Here’s the bad news: The age at which workers expect to retire is still slowly rising. Here’s the worse news: Those workers are being optimistic.
That’s the upshot of the latest study from the nonpartisan Employee Benefit Research Institute (EBRI).
Twenty-five percent of workers in the 2013 Retirement Confidence Survey say the age at which they expect to retire has changed in the past year, and of those, the vast majority (88%) report that their expected retirement age has increased. This means that in 2013, 22% of all workers planned to postpone their retirement.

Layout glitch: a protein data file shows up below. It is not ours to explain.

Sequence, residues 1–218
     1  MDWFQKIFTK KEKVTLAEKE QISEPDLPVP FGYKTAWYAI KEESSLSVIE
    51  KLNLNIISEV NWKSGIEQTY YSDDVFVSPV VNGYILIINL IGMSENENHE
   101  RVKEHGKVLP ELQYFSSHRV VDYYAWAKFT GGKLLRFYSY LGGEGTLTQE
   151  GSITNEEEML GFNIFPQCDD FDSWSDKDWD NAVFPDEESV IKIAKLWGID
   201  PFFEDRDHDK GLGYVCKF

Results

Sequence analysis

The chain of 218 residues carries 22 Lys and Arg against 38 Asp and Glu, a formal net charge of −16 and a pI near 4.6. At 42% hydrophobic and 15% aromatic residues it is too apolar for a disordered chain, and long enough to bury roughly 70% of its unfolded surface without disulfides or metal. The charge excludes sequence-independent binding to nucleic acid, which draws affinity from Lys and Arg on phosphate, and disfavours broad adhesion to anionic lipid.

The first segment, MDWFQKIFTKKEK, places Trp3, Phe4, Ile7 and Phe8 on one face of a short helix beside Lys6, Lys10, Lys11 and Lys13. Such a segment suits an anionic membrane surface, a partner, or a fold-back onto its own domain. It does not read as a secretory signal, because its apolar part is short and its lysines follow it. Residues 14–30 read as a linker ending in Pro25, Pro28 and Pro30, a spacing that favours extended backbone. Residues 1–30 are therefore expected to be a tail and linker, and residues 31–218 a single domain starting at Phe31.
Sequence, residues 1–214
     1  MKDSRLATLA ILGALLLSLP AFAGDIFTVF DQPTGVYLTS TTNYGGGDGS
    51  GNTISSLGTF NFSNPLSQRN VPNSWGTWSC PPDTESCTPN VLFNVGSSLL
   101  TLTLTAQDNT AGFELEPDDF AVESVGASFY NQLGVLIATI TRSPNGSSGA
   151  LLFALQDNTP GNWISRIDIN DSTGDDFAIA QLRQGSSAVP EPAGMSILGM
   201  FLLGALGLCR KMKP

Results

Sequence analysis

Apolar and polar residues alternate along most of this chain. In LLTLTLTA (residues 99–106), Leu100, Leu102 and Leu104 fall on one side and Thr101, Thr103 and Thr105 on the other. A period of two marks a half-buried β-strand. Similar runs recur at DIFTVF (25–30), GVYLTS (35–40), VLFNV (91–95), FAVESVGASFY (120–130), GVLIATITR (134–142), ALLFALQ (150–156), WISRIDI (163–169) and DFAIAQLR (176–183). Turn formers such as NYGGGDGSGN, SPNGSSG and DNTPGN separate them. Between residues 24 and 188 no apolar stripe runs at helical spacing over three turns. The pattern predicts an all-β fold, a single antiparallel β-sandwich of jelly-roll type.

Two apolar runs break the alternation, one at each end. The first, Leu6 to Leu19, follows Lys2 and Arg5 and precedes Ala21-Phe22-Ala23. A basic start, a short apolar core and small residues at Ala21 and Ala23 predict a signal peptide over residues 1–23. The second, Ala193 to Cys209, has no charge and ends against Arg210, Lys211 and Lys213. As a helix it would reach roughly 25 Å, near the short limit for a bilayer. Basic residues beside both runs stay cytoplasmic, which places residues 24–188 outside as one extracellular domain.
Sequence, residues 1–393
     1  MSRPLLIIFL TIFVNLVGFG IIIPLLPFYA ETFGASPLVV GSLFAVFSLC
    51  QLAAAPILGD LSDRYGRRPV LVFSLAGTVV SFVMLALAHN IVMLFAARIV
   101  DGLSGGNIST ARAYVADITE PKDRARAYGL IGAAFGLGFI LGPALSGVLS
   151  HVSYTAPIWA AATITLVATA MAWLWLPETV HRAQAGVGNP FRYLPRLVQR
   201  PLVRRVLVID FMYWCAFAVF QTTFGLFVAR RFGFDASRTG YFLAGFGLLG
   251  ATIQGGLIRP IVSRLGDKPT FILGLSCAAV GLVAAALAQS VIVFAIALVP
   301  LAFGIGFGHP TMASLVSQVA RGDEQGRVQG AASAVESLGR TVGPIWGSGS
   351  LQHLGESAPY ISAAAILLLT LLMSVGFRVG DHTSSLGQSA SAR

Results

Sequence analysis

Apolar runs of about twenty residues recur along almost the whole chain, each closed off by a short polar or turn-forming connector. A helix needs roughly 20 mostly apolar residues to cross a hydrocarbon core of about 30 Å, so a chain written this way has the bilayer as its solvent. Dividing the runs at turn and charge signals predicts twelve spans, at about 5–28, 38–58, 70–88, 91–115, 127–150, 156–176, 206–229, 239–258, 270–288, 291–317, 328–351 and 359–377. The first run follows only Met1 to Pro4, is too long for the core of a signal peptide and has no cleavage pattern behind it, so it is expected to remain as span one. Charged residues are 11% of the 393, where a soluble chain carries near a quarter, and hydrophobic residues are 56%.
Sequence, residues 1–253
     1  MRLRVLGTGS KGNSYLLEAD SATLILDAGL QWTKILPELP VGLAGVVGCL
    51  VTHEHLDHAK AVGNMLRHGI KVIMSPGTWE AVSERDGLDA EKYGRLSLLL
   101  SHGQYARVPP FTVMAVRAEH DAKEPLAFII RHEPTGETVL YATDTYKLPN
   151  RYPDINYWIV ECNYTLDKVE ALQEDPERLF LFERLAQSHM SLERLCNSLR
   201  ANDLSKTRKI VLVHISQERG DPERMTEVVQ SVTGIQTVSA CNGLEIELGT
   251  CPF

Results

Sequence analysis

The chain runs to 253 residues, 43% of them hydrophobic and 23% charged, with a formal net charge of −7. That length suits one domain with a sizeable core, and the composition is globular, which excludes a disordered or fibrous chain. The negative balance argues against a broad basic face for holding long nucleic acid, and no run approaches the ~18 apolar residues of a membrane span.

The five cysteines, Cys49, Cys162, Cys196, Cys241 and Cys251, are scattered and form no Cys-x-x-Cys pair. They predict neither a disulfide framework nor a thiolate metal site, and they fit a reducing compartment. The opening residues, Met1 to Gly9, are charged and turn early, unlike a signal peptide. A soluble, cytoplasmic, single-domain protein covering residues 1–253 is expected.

In 1991, just 11% of workers expected to retire at an age older than 65, but now 36% of workers report they expect to wait until after age 65 to retire — and 7% don’t plan to retire at all, according to the retirement Confidence Survey.
However, while the age at which workers expect to retire is slowly rising, the realities of retirement suggest that many of them may not be able to retire later. Additional findings from the 2013 Retirement Confidence Survey are available online at www.ebri.org.
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